We already noted what is happening to the General Electric Co. (NYSE: GE) dividend. The company’s plans to save $9 billion from the $0.31 dividend cut being taken down to $0.10 is much more than what we were expecting. We expected “only” a cut by half. But there are many more issues that could be coming down the pipe.
In this last week’s “10 Stocks Under $10” subscriber newsletter, we noted that the stock was looking like traders and investors could finally start nibbling over the coming months. This was based upon price and upon a longer-term buying- in process rather than trying to catch a falling knife. We still expect “negative headlines” to come. We do not want to be reckless in predictions, but we do have some key assumptions that we feel are already built into the stock.
This is going to sound like heresy, but we are just going to address it. GE still has a TRIPLE-A rating from Moody’s and S&P. We have not been told this by the ratings agencies (particularly since we bash them all the time), but we are assuming that the TRIPLE-A rating will not be around forever. There are things that G.E. could do further to protect that rating. Moody’s put out a “still under review” notice within about an hour of yesterday’s dividend cut. We hope we are wrong in this assumption in evaluating our position here. We believe that the last two analyst downgrades that were over the same things we have discussed over and over were about as late as the notion that maybe you better pay down your high interest credit cards.
Another bit of heresy. We are just already operating under the assumption that a member of senior management will not be there for much longer. I personally do not endorse that notion. But the drop here has been too big to ignore and the calls for change have been frequent. We just won’t be be shocked at all if there is a big change in management announced fairly soon. Again, this is one of the assumptions that new investors wanting to buy G.E. stock should consider.
Earnings metrics… First just address earnings for all of 2009. GE’s consensus estimate from First Call is $1.26 EPS. Just 3 months ago, the consensus estimate was $1.75. This estimate hasn’t come down in the last few weeks.
Who here would be surprised if GE makes new earnings assumptions? Even if it does not, ask yourself if you would be shocked if analysts take those numbers down further. This should already be factored in.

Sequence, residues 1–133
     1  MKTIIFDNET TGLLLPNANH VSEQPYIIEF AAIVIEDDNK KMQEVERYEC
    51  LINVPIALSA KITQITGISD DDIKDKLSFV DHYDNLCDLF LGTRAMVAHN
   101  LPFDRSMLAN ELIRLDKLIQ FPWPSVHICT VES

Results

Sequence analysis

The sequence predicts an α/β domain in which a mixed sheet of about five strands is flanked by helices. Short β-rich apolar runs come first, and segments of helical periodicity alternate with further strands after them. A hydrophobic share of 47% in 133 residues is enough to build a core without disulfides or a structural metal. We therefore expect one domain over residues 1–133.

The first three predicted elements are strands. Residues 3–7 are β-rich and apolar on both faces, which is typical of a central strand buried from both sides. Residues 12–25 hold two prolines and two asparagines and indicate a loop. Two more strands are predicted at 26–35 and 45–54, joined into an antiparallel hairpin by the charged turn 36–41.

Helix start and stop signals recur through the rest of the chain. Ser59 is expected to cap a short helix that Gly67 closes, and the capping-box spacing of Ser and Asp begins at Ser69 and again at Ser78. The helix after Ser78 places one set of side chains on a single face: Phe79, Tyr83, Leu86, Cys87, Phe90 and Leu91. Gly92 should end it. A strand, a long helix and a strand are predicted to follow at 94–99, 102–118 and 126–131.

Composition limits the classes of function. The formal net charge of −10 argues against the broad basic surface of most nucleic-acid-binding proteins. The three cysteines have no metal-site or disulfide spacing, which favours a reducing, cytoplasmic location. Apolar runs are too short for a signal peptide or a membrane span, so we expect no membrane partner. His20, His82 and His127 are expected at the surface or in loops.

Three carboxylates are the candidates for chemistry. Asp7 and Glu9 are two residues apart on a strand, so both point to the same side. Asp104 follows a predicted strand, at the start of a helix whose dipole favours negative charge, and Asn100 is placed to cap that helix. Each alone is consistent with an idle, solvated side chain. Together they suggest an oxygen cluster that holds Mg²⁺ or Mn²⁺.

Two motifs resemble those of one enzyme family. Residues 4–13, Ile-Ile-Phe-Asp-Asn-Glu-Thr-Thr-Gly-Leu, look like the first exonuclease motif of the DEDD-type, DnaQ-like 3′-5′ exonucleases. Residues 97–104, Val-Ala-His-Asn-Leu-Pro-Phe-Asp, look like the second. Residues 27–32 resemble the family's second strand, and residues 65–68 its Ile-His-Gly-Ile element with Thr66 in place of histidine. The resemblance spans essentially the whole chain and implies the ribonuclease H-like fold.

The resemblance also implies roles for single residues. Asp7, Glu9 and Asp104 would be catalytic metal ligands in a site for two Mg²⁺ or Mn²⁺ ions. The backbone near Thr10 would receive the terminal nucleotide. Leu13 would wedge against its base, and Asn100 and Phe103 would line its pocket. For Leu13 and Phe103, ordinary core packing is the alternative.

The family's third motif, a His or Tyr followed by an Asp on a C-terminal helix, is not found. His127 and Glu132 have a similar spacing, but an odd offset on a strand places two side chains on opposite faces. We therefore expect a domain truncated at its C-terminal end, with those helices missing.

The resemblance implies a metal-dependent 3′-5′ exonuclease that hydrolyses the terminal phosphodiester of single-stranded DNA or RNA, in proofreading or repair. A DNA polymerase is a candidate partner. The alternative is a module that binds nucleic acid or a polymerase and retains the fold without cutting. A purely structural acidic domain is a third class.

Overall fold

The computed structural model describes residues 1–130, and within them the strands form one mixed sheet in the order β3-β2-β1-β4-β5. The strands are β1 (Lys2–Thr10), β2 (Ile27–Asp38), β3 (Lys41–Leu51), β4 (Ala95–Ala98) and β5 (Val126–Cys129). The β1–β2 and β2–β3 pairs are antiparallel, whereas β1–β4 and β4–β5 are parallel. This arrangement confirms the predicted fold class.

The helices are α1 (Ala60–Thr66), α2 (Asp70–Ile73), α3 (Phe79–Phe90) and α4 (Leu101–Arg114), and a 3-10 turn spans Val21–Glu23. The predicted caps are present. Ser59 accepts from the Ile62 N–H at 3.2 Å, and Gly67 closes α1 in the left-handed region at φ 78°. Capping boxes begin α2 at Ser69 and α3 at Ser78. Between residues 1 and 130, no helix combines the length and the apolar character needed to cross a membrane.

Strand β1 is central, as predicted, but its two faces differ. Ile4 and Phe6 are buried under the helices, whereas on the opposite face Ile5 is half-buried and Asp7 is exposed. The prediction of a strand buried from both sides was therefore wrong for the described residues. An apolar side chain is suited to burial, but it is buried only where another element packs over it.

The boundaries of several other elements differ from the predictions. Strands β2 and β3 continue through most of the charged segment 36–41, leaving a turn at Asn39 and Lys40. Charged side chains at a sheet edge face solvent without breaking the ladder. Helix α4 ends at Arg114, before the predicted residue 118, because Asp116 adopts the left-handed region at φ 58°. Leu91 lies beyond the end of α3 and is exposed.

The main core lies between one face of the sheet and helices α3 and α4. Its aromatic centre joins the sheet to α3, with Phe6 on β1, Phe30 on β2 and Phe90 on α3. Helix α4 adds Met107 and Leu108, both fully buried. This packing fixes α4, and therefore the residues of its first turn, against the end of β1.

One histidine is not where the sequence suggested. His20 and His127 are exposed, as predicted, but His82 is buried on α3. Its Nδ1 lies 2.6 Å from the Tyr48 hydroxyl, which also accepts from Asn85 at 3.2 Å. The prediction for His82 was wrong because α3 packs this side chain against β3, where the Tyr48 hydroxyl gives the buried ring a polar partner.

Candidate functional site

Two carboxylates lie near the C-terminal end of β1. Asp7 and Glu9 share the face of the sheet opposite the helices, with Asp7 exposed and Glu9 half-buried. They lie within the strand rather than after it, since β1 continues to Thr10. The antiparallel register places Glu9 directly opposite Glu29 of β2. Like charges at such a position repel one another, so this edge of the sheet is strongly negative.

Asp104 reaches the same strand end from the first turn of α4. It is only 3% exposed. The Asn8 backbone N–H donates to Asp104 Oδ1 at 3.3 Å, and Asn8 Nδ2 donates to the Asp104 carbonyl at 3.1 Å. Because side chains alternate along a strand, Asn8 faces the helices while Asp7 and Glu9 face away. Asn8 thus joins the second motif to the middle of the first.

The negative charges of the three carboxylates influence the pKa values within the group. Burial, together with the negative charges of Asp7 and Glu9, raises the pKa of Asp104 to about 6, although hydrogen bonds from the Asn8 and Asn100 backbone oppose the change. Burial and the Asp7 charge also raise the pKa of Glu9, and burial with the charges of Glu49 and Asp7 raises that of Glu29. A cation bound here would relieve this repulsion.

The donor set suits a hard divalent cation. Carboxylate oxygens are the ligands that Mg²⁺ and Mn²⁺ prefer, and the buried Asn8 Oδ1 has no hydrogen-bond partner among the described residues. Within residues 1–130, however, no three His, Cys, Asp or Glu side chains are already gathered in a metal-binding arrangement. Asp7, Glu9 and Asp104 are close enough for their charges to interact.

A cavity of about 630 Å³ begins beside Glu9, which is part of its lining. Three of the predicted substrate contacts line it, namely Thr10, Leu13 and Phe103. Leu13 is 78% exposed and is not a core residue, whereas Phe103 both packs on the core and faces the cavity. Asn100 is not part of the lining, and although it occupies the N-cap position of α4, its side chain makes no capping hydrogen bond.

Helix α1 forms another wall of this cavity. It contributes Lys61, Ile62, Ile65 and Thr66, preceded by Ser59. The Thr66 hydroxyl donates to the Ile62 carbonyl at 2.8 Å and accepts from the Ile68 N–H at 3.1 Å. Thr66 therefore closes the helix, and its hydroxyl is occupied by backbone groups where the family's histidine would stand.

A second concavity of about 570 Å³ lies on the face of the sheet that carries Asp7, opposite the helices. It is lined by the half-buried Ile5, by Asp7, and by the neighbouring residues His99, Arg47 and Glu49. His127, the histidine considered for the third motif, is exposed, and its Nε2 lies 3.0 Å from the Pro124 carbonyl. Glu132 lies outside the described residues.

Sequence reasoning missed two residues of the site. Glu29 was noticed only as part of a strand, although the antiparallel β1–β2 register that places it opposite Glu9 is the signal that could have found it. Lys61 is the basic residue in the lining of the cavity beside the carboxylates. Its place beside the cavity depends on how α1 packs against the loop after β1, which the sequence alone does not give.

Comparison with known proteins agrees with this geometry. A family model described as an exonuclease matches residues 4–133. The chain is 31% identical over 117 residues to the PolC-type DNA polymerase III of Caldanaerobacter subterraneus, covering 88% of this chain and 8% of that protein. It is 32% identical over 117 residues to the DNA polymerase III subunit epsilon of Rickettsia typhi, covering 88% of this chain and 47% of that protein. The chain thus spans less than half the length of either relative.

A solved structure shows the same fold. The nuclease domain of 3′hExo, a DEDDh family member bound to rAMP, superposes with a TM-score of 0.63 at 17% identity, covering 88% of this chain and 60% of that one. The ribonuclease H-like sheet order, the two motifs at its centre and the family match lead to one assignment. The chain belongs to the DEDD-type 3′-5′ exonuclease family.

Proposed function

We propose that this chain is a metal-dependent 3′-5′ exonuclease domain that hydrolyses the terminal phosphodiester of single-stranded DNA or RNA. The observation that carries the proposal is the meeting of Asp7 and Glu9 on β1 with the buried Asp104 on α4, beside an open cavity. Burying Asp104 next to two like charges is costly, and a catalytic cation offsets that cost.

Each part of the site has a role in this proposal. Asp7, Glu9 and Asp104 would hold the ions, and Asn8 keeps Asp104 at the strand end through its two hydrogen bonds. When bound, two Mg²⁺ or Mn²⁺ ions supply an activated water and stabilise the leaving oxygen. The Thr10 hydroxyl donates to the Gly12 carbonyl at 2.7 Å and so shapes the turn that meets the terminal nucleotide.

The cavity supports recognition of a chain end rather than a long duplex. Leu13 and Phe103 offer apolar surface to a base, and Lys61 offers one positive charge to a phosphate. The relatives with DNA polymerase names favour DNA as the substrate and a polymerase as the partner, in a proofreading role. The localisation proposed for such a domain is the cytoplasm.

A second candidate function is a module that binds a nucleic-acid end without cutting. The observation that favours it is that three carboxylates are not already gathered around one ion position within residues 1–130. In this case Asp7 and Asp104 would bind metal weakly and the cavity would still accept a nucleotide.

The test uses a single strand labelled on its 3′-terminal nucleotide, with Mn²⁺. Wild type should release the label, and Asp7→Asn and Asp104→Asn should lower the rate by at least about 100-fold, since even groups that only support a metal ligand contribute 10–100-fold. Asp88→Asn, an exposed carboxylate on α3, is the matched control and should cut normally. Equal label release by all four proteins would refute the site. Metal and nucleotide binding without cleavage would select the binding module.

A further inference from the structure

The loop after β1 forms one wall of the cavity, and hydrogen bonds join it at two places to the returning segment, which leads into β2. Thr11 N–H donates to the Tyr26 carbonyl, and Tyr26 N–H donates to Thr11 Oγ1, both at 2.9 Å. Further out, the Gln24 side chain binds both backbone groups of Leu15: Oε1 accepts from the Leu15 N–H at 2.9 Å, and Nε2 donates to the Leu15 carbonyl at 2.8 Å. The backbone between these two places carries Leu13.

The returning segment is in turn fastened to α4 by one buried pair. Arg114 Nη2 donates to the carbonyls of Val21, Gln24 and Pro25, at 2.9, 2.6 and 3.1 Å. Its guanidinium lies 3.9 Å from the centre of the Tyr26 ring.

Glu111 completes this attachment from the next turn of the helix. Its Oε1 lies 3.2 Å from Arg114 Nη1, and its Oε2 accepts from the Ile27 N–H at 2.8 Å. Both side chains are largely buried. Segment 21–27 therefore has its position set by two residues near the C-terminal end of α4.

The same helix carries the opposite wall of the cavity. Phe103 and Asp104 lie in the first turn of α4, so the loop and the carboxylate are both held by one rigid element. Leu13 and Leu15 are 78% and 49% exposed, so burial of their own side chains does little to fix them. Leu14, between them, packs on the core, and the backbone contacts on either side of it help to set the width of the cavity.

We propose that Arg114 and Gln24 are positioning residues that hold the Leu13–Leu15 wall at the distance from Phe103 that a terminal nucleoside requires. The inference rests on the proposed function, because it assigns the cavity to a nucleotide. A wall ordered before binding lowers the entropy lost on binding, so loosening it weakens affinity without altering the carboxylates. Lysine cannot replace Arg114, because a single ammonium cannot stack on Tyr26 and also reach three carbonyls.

Capital… The good news is that in the official statement, Immelt said that the company has no plans to raise more equity. Now here is the deal. We actually expect more capital to be raised. That might not be equity. That could be in units or lines of business. It could come from a thousand sources. We have just already factored it in mentally. They may prove us wrong.
Customers and credit… We have seen more credit erosion than we want to discuss. Trust me, it is depressing covering it. Airplane orders, infrastructure projects, alternative energy pacts, oil exploration, are all under pressure. How many delays or cancellations does it take before deciding that you could expect even more issues to be passed on down the line toward GE’s units? The good news is that if this holds up on a performance metric better, then there will be a pleasant surprise.
All of the gloom and doom should already be baked in the cake. But there is one distant outlier that is not. We want to say up front that NONE of the analysts covering it have made this call. What if the company managed to post a loss from operations ? That would not be factored in by our estimates. We won’t be shocked if and when Immelt and friends in the company talk down numbers, although, again, we do not expect any “loss” scenario on earnings.
Here is a part of what the statement from Immelt: “We have made tremendous progress in strengthening GE’s balance sheet to ensure that the Company is well-capitalized and with access to ample liquidity… At the February 6 Board meeting, we announced we would evaluate the dividend for the second half of 2009 in light of current market conditions. After extensive review, we have determined that reducing the dividend, while still maintaining it at a competitive level, is a prudent measure to further enhance our balance sheet and provide us with additional flexibility for potential future opportunities. With these actions and the others we have taken to keep the Company safe and secure, we currently do not have any plans to raise more equity.”
We will be addressing this position again in the “10 Stocks Under $10” newsletter this weekend. We do not expect any miracle cures in the world and we are not expecting everyone to benefit from the changes that are coming. That is one of the reasons that we have a balance between positive and negative calls in the newsletter.
Jon C. Ogg
February 28, 2009